Reinsurance Regulatory Modernization Framework
At the National Association of Insurance Commissioners (NAIC) summer meeting, discussions continued regarding the Reinsurance Regulatory Modernization Framework, which would change the reinsurance collateral requirements. There appear to be a number of issues that would delay implementation of this framework including both constitutional and non-constitutional issues.
Outside legal counsel was hired to assist with some of the constitutional issues including:
- Supervisory recognition
- Ability of the states to enter into agreements with non-U.S. jurisdictions
- Ability of non-U.S. jurisdictions to enter into agreements with nongovernmental entities
- Need for federal oversight of the NAIC Reinsurance Supervision Review Board due to delegation of federal authority
Non-constitutional issues include:
- Confidentiality of information
- Role of NAIC versus the role of the Reinsurance Supervisory Review Board
- How NAIC model laws will be used in the process
It appears that many issues will have to be addressed if this framework is to move forward.
The recent changes to Generally Accepted Accounting Principles (GAAP) guidance made at the Financial Accounting Standards Board (FASB) are being addressed at the NAIC. The Emerging Accounting Issues Working Group addressed FASB Staff Position Financial Accounting Standard (FSP FAS) 157-4: “Determining Fair Value When the Volume and Level of Activity of the Asset or Liability Have Significantly Decreased and Identifying Transactions That Are Not Orderly” and concluded it was appropriate to adopt most of the guidance.
The definition of fair value in the glossary of the accounting manual will apply to all existing Statements of Statutory Accounting Principles (SSAPs) that reference fair value and remains unchanged:
The fair value of an asset (or liability) is the amount at which that asset (or liability) could be bought (or incurred) or sold (or settled) in a current transaction between willing parties, that is, other than in a forced or liquidation sale.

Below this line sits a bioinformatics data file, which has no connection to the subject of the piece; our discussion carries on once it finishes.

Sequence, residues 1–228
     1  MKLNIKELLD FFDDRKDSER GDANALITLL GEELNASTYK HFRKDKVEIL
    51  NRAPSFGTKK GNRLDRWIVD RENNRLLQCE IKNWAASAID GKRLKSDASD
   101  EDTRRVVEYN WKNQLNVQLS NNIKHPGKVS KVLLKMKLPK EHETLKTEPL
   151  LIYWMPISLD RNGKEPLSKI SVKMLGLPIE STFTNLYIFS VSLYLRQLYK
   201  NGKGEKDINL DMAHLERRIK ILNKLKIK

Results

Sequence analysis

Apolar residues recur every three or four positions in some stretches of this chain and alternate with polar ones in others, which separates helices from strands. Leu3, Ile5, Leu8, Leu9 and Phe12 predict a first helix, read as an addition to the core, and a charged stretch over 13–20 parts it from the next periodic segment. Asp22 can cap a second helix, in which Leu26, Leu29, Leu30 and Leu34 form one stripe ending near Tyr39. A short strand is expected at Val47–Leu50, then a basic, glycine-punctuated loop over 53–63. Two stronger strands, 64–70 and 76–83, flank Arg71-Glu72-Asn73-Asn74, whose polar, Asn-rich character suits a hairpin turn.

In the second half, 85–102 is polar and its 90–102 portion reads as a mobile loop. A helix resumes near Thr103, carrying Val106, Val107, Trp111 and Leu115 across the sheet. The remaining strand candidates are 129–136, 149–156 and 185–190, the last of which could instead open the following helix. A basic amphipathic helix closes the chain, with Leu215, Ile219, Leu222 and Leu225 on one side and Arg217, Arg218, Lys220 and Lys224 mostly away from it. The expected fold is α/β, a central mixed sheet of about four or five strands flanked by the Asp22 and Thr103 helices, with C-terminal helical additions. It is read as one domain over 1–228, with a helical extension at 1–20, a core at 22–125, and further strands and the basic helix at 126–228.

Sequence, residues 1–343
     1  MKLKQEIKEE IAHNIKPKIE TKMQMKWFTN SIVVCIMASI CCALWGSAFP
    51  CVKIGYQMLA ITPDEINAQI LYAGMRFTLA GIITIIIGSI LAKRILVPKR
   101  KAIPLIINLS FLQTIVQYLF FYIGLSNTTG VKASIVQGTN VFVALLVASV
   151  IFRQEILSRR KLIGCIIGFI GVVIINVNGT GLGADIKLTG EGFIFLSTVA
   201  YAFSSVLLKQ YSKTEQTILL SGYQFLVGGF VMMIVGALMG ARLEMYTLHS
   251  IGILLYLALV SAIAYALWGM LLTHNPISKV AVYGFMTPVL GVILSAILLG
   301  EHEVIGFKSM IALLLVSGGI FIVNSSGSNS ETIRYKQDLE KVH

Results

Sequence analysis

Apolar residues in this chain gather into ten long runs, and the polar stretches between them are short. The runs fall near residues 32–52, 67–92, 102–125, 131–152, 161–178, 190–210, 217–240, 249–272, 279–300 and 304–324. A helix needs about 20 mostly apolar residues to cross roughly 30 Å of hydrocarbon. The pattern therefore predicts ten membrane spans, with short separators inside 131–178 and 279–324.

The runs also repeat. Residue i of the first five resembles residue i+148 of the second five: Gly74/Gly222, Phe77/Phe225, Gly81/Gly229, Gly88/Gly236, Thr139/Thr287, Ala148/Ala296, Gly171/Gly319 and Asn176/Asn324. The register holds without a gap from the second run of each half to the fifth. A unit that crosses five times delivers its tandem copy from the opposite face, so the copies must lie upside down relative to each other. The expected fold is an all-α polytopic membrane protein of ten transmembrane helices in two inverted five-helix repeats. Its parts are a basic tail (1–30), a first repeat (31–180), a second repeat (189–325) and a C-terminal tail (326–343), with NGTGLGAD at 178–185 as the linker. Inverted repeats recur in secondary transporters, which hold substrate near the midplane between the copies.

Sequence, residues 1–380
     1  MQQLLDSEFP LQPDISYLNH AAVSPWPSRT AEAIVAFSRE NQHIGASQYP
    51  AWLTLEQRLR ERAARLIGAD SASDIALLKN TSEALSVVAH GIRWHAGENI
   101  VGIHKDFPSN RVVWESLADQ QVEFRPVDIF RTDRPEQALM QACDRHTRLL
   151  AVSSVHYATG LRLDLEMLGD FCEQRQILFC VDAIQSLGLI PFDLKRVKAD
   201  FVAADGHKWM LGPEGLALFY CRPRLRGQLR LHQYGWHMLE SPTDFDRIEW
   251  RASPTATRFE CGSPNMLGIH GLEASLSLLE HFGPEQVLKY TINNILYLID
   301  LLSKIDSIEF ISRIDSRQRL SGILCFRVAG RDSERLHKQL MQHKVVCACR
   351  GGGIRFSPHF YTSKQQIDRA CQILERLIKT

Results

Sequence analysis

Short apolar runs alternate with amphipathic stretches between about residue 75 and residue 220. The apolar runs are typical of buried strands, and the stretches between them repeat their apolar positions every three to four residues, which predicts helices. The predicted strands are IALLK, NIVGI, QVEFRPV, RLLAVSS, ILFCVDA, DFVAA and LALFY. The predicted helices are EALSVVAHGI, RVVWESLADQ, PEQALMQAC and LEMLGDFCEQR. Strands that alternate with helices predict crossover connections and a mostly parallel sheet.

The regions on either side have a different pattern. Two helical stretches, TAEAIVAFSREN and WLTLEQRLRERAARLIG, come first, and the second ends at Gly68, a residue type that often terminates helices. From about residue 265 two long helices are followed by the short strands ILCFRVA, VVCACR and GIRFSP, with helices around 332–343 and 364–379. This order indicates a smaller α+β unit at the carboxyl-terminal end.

Additional guidance not included in the FSP will be included as clarification:
Consistent with the current fair value definition, a quoted market price in an active market is the best evidence of fair value and shall be used as the basis of measurements where an active market exists.
Other-than-Temporary Impairments (OTTI)
The NAIC may choose partial adoption of the FASB FSP if they feel it is inappropriate for statutory accounting.
Deferred Tax Assets (DTA)-SSAP 10
The request to increase the cap on Deferred Tax Assets (DTAs) from 10 percent of surplus to 15 percent is on hold. The change under consideration is to increase the amount of admitted assets for DTAs from 10 percent for DTAs reversing within one year to 15 percent for DTAs reversing within 3 years. Some regulators are concerned about the timing of this request, coming because of the loss of capital due to the financial crisis, and mainly driven by Life companies. Certain other limitations may be included including unavailability of capital for dividend payments, or an RBC threshold required before the increase is permitted.
Casualty Actuarial Task Force
It was reported that the American Academy of Actuaries will be developing an Actuarial Standard of Practice on reinsurance risk transfer.
International Solvency and Accounting
The Solvency Modernization Initiative (SMI) was set up to compare and evaluate the US Solvency system with the proposed EU Solvency II system and produce a document on international regulatory developments and potential use in U.S. insurance regulation. The SMI will evaluate other supervisory initiatives including Basel II, International Association of Insurance Supervisors (IAIS), and proposals being developed in other countries including Australia, Canada, Switzerland, and the EU. The five areas of focus are: capital requirements, international accounting, group supervision, and valuation issues in insurance and reinsurance.
Other areas to address will include ERM, internal models, the definition of economic capital, RBC, group issues, reinsurance modernization, principles-based reserving (life), corporate governance, accounting changes, and systemic risk.
In 2009, there will be an assessment of the U.S. financial regulatory system by the International Monetary Fund (IMF) and World Bank Financial Assessment Program. Insurance regulation will be included in the survey and will be assessed using IAIS core principles.
The G-20 is requiring that the FASB and the International Accounting Standards Board (IASB) replace the current financial instrument standards with new converged standards by the end of 2009.
We may see a draft of the Insurance Contracts project in the fourth quarter of 2009.
Statements concerning, tax, accounting, legal or regulatory matters should be understood to be general observations based solely on our experience as reinsurance brokers and risk consultants, and may not be relied upon as tax, accounting, legal or regulatory advice which we are not authorized to provide. All such matters should be reviewed with your own qualified advisors in these areas.